Global 3PL CEOs See Light Shining Through, Albeit Slowly

The CEOs involved in this year's surveys are more optimistic about growth prospects than they were last year, but appear to be more cautious about how growth will be achieved.

The results of our 17th Annual Survey of 3PL provider CEOs were presented at the annual meeting of the Council of Supply Chain Management Professionals in San Diego. The surveys, sponsored by Penske Logistics, were conducted jointly by me and Dr. Kristin Lieb, Assistant Professor of Marketing Communication at Emerson College.

The surveys queried supply chain leaders from North America, Europe and Asia-Pacific. Contributing their thoughts were 31 third-party logistics company CEOs responsible for generating nearly $37 billion in revenue in 2009.

The CEOs involved in this year's surveys are more optimistic about growth prospects than they were last year, but appear to be more cautious about how growth will be achieved. They are likely to spend more time 'qualifying' new accounts, while devoting more attention to accounts in industries that are less cyclical in nature.

"Many of the CEOs reported adopting new strategies that are more conservative in nature with respect to both market expansion and new service offerings," explained Penske senior vice president Joe Gallick, who co-presented the annual study at the CSCMP conference.

The study offered several observations:

  • Signs of resumed growth in all three regions, at very different rates of growth. One year company revenue growth projections were 10.4% for North America, 7.2% for Europe and 22.5% for APAC. Europe was a real eye opener -- last year, respondents predicted -3.3%.
  • There is generally a more cautious approach to new initiatives. Eighteen of the companies introduced new risk management programs during the year.
  • Increased interest in outsourcing in general may lead to new 3PL initiatives. Industry leaders in each of the three regions noted increased interest in outsourcing in general and 3PL services in particular.
  • An increased emphasis on risk sharing and environmental sustainability in new contracts. Despite the aftermath of the recession, these companies are still heavily committed to environmental sustainability issues. Fourteen of the 31 companies began new green initiatives during the year. Twenty-eight of the 31 CEOs reported that their companies have performance based contracts with many of their clients.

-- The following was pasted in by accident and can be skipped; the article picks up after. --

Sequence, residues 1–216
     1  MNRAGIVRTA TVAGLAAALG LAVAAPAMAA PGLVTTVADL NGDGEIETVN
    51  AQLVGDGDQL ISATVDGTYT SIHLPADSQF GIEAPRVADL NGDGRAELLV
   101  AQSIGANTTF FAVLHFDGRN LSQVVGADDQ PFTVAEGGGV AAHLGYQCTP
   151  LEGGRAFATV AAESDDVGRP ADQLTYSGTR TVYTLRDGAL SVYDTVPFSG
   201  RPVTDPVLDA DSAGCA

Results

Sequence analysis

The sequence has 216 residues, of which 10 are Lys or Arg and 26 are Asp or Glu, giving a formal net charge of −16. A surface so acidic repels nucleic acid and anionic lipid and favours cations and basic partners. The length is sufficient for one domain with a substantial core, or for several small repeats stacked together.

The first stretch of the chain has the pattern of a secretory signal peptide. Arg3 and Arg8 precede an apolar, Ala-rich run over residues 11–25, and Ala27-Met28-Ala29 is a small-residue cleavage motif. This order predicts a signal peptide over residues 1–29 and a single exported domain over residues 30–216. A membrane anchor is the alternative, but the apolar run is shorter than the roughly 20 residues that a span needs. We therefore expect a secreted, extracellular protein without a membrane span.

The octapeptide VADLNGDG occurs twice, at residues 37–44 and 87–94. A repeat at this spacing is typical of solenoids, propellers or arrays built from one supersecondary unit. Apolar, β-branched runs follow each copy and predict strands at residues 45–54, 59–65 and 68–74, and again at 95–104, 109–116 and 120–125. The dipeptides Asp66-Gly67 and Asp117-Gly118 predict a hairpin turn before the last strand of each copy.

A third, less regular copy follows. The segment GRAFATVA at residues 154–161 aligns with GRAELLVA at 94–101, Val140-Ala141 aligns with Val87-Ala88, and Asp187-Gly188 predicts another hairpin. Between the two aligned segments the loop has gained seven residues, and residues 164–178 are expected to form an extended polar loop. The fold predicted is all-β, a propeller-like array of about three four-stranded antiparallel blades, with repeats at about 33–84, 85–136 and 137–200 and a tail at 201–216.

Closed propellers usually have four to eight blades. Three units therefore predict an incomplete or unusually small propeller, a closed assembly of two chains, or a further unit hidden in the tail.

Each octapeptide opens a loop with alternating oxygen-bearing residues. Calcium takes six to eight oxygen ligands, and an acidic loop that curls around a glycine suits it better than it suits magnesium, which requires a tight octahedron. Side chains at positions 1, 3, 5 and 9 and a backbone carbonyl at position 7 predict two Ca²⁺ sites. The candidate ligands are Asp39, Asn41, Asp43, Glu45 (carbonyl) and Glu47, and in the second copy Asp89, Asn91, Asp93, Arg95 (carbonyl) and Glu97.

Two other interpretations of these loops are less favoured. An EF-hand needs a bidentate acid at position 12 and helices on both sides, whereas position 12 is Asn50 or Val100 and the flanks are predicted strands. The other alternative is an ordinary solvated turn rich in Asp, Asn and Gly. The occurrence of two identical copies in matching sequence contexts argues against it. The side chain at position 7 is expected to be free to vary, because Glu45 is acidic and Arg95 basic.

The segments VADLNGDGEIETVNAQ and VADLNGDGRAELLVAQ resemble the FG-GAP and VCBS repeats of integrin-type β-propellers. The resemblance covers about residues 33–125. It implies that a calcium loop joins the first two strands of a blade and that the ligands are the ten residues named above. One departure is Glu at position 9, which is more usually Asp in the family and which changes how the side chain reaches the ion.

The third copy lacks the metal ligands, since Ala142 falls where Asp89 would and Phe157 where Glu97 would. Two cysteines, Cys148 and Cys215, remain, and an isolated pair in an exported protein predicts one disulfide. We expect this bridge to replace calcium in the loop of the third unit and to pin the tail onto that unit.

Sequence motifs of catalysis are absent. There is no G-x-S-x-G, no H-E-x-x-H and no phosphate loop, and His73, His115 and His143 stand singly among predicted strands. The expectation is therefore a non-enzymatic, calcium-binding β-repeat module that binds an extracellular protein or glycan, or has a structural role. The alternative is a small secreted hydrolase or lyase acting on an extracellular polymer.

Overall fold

• Continued restructuring of the industry. "The last few years have caused global third-party logistics providers to reconsider the structure of their businesses within a shifting industry," Gallick noted.
  • Focus on rebuilding the workforce, with more emphasis on part-timers. Twenty-seven CEOs reported taking steps to rebuild their workforces, but many are placing more emphasis on using part-time employees.
  • Both North American and European heads listed identical top market dynamics: Those were price compression, the aftermath of the recession and the growing role of procurement in the 3PL selection process. The CEOs in the APAC region also placed price compression atop the list.

The average three-year regional 3PL industry growth projections were 7.8% for North America (same as 2009), 5.4% in Europe (4.9% in 2009) and 12.9% in APAC (11.7% in 2009.)

The 31 CEOs completed the surveys via an Internet-based questionnaire during the summer of 2010. Companies participating included: Cardinal Logistics, DSC Logistics, DHL Exel Supply Chain, Genco Supply Chain Solutions, Kuehne+Nagel Logistics, Landstar, Menlo Logistics, Panalpina, NYK Logistics, Penske Logistics, Ryder Integrated Logistics, Schenker, Schneider Logistics, Transplace, UPS Supply Chain Solutions, UTi Integrated Logistics, Caterpillar Logistics Services, CEVA Logistics and Wincanton.

To view the study click here.


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